Today there is an organised campaign that advocates against the ubiquity of the halaal symbol on food goods in South Africa. The Christian Friendly Products movement has also developed its own counter-halaal food symbol and claims that it cannot be displayed side-by-side with the halaal symbol. This separatist food policy is echoed in the group’s views on Islam and the place of Muslims in South Africa.
Even more chilling are the numerous, overtly Islamophobic and explicitly hateful claims that are being made. As one piece of campaign material, easily downloaded from the internet, reads: “It may not be too far-fetched to assume that some of the South African ‘halaal money’ has already been used to finance terrorist organisations such as Hamas and Isis’s [Islamic State’s] unholy war against Christians and Jews. Using halaal money for terrorising and persecuting Christians in our own country may even become a reality much sooner than we may expect.”
These are worrisome accusations, not only because of their unsubstantiated, outlandish claims, but because of the fear-mongering they attempt to elicit. By no means does the Christian Friendly Products campaign represent all Christians, or even large numbers of Christians. Yet, as history has repeatedly taught us, numerical strength is but a crude indicator of support for a cause.
Riding on the back of the Zeenatul Islam Mosque issue are calls for greater tolerance, a return to the honeymoon phase of democracy and an invitation to follow the rainbow once more. Twenty-five years ago, it was easier to be optimistic that the monster was slain. We were free, and the possibilities were endless. A quarter of a century later, these calls for tolerance appear trite and futile.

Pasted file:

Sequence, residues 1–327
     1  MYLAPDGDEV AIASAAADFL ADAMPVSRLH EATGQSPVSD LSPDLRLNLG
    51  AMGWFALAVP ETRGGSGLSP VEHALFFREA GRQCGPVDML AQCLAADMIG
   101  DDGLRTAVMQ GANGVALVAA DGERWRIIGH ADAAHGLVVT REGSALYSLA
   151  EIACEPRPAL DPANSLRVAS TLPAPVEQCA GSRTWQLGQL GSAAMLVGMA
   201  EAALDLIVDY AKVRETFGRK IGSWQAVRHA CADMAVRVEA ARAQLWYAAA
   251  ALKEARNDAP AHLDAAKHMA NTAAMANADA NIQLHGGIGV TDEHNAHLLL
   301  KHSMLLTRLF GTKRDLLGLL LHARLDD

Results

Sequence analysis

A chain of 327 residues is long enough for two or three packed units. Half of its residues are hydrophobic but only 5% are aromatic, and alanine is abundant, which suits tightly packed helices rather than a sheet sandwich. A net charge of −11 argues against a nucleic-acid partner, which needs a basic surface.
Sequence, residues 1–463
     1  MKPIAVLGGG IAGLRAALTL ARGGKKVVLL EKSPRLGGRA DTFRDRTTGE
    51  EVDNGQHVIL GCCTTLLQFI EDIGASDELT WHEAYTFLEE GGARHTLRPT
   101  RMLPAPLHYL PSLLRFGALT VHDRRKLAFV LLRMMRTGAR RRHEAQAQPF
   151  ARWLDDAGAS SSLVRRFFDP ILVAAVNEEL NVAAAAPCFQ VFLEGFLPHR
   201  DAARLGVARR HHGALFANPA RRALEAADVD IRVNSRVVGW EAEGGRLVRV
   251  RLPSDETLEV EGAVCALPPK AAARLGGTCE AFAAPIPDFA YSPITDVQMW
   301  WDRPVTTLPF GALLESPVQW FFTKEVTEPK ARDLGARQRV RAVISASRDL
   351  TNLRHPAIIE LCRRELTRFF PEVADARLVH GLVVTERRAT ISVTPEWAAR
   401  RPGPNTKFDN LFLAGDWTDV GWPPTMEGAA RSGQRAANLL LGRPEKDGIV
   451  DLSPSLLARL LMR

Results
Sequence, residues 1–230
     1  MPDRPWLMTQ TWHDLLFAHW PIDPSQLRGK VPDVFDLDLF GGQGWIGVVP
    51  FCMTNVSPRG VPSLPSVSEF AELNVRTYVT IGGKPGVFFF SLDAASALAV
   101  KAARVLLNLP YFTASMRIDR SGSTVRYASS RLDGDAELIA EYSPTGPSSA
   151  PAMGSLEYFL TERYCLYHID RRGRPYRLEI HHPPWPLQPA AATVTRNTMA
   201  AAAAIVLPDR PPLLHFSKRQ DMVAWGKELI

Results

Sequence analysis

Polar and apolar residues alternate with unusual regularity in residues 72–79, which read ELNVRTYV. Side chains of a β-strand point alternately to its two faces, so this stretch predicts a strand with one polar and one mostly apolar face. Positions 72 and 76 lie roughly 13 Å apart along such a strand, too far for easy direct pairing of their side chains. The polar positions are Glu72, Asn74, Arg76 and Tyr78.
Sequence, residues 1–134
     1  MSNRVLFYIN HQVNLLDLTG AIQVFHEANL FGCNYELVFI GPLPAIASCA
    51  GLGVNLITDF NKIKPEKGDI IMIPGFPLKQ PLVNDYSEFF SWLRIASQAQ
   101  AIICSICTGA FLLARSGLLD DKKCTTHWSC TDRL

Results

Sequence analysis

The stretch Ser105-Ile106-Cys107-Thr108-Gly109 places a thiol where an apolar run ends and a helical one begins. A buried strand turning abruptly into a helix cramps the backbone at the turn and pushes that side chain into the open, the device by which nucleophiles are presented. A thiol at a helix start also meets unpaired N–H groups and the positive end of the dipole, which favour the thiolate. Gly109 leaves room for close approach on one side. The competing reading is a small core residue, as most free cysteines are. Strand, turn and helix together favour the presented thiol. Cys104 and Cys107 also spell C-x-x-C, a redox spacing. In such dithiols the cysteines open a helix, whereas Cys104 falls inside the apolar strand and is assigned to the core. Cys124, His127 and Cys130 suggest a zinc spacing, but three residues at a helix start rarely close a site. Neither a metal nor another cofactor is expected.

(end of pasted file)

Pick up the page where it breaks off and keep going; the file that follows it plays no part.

In committing to an attitude of tolerance, we commit to exercising our ability and displaying our willingness to tolerate the existence of opinions or behaviours that we don’t necessarily like or agree with. Tolerance, however, is just the public face of intolerance. It is worn in polite company, but can be disregarded at a whim and frazzled by a perceived infraction or inconvenience, however minor.
Tolerance requires little engagement with or understanding of that which one has decided or been instructed to tolerate. Tolerance extends only so far as the tolerated does not offend my sensibilities and sensitivities too much. Tolerance, particularly when exercised by the powerful and the wealthy, carries the stench of unearned privilege.
I would argue that concepts such as understanding, appreciation and respect more accurately define the attitudes we need to cultivate in response to religious diversity.
In the midst of a crisis, hope springs eternal, and the defence of the Zeenutal Islam Mosque from individuals and communities across the religious spectrum has been heartening. It’s a clear and unconditional display of inter-religious solidarity. I am certain that in this case justice will prevail and the city will ensure that the mosque is able to carry out its activities without restriction.
To consider a law-based intervention a victory would be to tolerate the rainbow until the arrival of the next, perhaps even greater storm. The call to prayer has ironically and patronisingly elicited a call for tolerance. The storm over the azaan calls us to consider the precariousness of the religious rainbow.